Sunday, December 2, 2012

The Beautiful Mystery by Louise Penny

There were so many things I enjoyed about The Beautiful Mystery by Louise Penny, and a few tiny things that I didn’t.   

A Gregorian monk is murdered at Saint-Gilbert-Entre-les-Loups, a 200-year-old abbey in Quebec. Chief Inspector Armand Gamache and Inspector Jean-Guy Beauvoir, of the Surete du Quebec (police), the only non-monks ever allowed into Saint-Gilbert, arrive to find a stunningly beautiful monastery, and the choirmaster with his head bashed in.

Turns out the 24 monks that make up the abbey are there because they were “recruited,” not based upon piety, but rather their singing voices. Chanting is at the core of the monastery, the mystery and the murder. The why’s, how’s, history and politics of chanting – which is "The Beautiful Mystery," is also the conflict that incited murder among the otherwise holier-than-thous (no sarcasm intended).  

I listened to the audio book and I’m glad that I did as it included snippets of beautiful chants  throughout, and the narrator, Ralph Cosham, was wonderful. He is the first narrator that’s made me want to listen to another book, simply because he reads it. At the end of my review I’ll provide an audio sample of  Ralph Cosham’s reading of The Beautiful Mystery, and a sample chant, so you can appreciate Penny’s commendable writing, Cosham's narrative skills, and learn a little history about chants – all things that I loved about this book.

I didn’t like that I sometimes felt a little lost. The Beautiful Mystery is one in Louise Penny’s series of books that include Chief Inspector Gamache and Inspector Beauvoir. They have history, and that history is somewhat important in understanding the dynamics of the story. A bit of that history was revealed, but I felt like an outsider. I suspect that Penny has a strong following as the tension between the characters was apparent and engaging, and would no doubt be even more so if one fully understood what got them there.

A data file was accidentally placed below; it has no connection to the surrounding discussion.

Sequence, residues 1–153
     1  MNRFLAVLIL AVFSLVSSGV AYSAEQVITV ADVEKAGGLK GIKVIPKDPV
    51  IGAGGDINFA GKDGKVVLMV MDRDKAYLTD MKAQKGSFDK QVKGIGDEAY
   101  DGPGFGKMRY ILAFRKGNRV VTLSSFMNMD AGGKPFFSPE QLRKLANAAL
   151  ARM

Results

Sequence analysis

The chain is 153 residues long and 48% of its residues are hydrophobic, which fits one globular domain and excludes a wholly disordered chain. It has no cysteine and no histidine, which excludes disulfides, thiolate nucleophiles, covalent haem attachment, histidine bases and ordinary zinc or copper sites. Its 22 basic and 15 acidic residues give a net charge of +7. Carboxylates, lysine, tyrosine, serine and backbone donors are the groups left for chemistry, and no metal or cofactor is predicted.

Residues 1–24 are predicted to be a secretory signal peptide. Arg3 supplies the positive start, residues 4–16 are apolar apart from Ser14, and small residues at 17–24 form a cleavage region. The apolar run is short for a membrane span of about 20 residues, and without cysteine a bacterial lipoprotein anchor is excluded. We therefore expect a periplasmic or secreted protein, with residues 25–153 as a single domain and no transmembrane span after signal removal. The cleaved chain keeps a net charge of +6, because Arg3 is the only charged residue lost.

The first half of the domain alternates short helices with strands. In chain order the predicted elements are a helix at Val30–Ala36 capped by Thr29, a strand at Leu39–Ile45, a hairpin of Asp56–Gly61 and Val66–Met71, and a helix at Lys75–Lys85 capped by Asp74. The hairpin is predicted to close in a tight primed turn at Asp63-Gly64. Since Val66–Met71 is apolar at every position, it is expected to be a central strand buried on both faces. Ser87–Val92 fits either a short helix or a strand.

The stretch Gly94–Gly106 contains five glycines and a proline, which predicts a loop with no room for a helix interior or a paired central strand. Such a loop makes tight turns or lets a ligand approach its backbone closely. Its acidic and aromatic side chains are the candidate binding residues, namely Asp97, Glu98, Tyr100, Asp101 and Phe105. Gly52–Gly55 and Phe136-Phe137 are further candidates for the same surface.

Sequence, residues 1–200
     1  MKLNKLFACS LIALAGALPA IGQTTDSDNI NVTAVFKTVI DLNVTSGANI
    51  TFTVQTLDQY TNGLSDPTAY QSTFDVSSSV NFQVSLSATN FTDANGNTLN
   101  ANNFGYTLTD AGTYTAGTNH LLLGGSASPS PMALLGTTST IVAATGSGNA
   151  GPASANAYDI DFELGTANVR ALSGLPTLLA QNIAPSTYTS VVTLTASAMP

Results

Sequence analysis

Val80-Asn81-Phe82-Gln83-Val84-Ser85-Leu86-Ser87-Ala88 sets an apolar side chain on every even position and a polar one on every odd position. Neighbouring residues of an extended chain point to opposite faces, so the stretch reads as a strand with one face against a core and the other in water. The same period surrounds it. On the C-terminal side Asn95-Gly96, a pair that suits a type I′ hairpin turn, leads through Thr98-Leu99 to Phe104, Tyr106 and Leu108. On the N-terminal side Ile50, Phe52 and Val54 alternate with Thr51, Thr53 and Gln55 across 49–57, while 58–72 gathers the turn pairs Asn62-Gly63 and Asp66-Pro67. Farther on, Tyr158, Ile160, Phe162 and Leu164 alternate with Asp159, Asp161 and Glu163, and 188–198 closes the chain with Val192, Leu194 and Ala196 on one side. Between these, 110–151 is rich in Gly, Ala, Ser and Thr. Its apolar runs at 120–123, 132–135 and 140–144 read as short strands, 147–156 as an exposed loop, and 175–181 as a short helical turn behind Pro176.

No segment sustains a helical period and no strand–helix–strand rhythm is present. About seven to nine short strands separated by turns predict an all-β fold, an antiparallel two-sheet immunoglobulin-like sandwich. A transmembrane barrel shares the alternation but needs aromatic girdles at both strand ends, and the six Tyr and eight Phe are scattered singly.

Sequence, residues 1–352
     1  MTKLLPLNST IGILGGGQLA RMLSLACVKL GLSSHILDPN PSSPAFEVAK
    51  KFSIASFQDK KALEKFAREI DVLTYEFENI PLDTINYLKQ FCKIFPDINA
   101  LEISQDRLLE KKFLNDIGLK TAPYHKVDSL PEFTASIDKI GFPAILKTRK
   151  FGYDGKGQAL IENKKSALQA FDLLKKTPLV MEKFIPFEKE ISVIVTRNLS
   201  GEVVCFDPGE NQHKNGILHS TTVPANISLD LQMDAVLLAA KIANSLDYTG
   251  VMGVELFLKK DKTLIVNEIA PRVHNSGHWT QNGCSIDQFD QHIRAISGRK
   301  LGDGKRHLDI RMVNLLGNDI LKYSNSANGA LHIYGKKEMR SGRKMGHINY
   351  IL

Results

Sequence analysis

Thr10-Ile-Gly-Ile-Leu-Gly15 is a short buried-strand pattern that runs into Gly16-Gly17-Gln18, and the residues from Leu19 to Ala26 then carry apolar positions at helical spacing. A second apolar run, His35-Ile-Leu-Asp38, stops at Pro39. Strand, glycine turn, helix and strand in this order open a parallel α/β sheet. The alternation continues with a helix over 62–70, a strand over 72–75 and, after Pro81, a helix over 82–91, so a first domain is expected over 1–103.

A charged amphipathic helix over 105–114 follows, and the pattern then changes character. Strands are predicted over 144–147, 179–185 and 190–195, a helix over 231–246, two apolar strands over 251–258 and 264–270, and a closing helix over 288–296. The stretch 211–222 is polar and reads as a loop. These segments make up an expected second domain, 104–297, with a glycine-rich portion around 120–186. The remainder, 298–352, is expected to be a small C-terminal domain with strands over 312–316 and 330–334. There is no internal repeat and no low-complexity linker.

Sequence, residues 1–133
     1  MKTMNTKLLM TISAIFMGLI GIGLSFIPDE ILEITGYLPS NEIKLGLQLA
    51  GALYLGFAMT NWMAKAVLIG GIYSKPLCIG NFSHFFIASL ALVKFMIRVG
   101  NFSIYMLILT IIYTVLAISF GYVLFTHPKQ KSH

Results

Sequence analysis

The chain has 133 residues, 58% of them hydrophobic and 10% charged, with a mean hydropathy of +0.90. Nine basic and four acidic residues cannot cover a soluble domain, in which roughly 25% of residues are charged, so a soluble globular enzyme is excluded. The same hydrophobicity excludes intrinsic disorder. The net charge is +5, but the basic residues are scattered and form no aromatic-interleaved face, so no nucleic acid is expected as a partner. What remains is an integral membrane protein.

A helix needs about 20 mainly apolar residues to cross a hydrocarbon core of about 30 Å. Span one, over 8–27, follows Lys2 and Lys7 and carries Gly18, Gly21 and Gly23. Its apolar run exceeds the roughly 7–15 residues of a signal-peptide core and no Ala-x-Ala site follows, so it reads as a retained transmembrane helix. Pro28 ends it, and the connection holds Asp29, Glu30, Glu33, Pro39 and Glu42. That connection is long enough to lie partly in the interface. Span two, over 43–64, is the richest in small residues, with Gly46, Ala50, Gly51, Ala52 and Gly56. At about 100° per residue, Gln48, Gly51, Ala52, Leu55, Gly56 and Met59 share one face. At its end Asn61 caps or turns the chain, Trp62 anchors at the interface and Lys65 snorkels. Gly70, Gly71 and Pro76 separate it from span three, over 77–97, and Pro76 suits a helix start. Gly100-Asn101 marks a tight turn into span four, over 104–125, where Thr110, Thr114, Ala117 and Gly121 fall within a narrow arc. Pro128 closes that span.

I also found a couple of the plot lines and characters unbelievable. For example, Beauvoir is introduced as a loving, smart and loyal persona, and yet he becomes something else so radically, and in my opinion, too quickly to be believable. Also, it was implied that the Catholic Church didn’t know that this monastery existed – but the monks at Saint-Gilbert-Entre-les-Loups had recorded a CD of chants, which went viral, bringing the world, literally and figuratively to their doors. It was only when the choirmaster was murdered that an emissary from Rome arrived.

All in all, I found the book an interesting read, albeit a little slow at times, but Penny’s writing makes up for that, almost. I couldn’t help but compare it to The Name of the Rose, by Umberto Eco, which was also based on murder in a monastery, but which had more exciting events to keep you engaged (i.e., more than one murder and a few more plot twists).

I do recommend reading Louise Penny (pictured), but I would suggest that you start at the beginning of her series of mysteries as I think you will enjoy the characters more as you experience the development of those relationships – set in the context of good storytelling. Her other books, in order of publication include Still Life in 2008, The Brutal Telling in 2009, and then five more published in 2011 (apparently publisher Minotaur saw the dollar signs on the wall) Dead Cold, The Cruelest Month, A Rule Against Murder, Bury Your Dead, and A Trick of the Light.

Here’s the sample of Ralph Cosham reading of The Beautiful Mystery. I think you’ll see what is to appreciate about both Penny’s writing, and Cosham’s reading.

Here’s a sample of chanting – which I find mesmerizing and beautiful (in small doses).

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